Day 5: More Texas
I haven’t really mentioned this yet, and I assume you’ll have taken it as a given, but Austin is really hot. Really, really hot. You’d think therefore that I would have packed accordingly for this really, really hot climate. I haven’t. Let me explain my excuses in two phases. Firstly, about a week before we left my mother insisted to me that Austin was not to be hot whilst we were there and it would get colder as we progressed north. Thanks mum- that was nonsense. Secondly, two nights before we left we played a big show in Glasgow after which I was led astray by our friend/photographer/merch-man/general charlatan Phillip Sword and I stayed out all night. This meant getting a morning train to Irvine in a state of extreme disarray and attempting to pack for a 3 week long trip. Essentially in my disgraceful state I packed pretty much nothing, and certainly not any shorts or summer shoes (brogues only). So I’ve cut about for a few days with my legs pure roasting and I’m growing fairly tired of it. Time to take matters into my own hands. Some of you may know that I’m a left-handed man. I’m not one of these pretend left-handed folk that plays guitar right-handed and stuff. I’m left-handed. I do things with my left hand. Yes, everything. Including the use of scissors. Now then, left-handed scissors are quite hard to come by at the best of times and as wonderful as our host is, she only has the right-handed version. However, desperate times call for desperate measures and I attempt to use the upside down scissors to decimate my black jeans in order to make an airy pair of shorts. I’m aiming for a modest above the knee cut, but I can only get the scissors into the fabric, I can’t make them cut. Again, desperate times call for desperate measures so I attempt to rip said fabric in order to create the shorts I so desire. Disaster strikes. As I rip the rip goes up the way. No longer are these shorts a modest above the knee, but they now resemble hot pants that leave extremely little to the imagination. However, they will keep me cool in the hot Texan sun.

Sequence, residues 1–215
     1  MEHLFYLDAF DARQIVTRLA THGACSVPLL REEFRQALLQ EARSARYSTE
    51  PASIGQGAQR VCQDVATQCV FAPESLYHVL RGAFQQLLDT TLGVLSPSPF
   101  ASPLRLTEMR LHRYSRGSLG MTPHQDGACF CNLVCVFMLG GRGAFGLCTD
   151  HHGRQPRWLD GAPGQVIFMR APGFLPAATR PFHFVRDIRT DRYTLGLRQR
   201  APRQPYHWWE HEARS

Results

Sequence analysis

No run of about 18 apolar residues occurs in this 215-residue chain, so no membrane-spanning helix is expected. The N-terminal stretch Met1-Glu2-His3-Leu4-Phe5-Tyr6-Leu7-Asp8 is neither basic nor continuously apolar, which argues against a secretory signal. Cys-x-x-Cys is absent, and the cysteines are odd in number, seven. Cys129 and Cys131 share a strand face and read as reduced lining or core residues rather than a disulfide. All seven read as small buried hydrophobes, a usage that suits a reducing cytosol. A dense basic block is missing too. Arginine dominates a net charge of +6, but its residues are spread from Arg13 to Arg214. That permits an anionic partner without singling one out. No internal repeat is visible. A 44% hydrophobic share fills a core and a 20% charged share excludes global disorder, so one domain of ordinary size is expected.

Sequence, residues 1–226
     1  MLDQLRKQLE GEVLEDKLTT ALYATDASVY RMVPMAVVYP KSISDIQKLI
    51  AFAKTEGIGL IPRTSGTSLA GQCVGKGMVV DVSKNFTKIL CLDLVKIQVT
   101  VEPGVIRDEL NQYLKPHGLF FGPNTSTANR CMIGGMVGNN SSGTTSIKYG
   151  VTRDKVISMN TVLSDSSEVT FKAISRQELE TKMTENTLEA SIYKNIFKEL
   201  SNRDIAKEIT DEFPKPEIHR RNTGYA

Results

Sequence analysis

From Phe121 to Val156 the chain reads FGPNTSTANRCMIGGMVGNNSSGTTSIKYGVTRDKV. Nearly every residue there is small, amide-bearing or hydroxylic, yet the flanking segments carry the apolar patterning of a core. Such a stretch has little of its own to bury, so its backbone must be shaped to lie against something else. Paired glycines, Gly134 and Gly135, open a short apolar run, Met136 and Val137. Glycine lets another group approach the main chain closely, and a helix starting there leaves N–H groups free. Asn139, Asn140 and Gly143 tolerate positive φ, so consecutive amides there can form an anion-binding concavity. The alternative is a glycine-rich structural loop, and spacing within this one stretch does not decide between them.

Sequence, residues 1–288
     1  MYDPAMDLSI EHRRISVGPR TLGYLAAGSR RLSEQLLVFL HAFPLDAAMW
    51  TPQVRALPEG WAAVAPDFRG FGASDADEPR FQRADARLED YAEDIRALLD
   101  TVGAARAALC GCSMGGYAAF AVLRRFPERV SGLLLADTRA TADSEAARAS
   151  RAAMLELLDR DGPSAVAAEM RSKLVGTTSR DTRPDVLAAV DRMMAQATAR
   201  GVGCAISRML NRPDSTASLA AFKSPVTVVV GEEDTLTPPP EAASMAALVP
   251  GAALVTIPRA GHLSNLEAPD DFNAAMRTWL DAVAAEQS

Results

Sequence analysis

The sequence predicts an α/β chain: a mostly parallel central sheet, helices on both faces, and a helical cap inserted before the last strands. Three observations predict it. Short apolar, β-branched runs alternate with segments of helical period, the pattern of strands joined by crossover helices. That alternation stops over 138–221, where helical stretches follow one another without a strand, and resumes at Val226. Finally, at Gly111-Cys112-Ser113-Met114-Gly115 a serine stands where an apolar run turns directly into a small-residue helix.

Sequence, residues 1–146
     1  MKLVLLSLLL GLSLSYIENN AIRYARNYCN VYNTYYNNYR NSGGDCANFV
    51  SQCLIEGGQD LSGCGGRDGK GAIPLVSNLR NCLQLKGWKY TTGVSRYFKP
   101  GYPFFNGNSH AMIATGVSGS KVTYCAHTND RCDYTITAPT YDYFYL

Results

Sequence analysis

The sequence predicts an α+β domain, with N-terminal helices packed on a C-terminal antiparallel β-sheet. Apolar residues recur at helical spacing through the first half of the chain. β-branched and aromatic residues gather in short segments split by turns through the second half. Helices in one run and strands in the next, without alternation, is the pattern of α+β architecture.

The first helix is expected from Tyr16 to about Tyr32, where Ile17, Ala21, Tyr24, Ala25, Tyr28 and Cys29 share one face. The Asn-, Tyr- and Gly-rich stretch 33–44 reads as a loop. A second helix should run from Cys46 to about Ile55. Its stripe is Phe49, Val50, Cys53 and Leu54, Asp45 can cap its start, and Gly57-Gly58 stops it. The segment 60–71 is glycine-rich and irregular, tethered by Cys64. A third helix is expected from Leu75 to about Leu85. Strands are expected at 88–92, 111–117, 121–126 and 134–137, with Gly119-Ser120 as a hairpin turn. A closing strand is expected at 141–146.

|Scott 'Tobias' Macpherson in his never nude shorts|
Unfortunately we’re off to San Antonio today and I’m advised that it is significantly more reserved/conservative than Austin, so perhaps cutting about in a pair of grotesque hot pant ensemble paired with brogues and pink socks isn’t the best idea for cutting about greater Texas. The reason we’re off to San Antonio is to play at a fringe festival. It might seem like a bit of a weird decision to leave Austin and all the hubbub to go play elsewhere, but it had been pretty well sold to us as a big venue with big SXSW bands playing. The opening night had had Best Coast headlining and 900 through the door, so we were pretty optimistic about it. Tonight it was The Wedding Present headlining, but when we went on there was precisely 0-4 people through the door and even all the other bands had left to go see the Alamo- literally the only thing I wanted to see in San Antonio. However, it was the festival’s first year and I reckon after a few more years and some exposure it could be really good/busy as the venue was pretty cool with three different playing areas, if very few people saw us! Plus, the drive gives us our first proper experience of Sirius XM satellite radio (which we’ll get VERY tired of over the coming week). We have an excellent glowstick party blasting The Wanted, Glad You Came (tune), go mental when One Direction (amazing) comes on and then disgust Siobhan by listening to Playboy radio for far too long.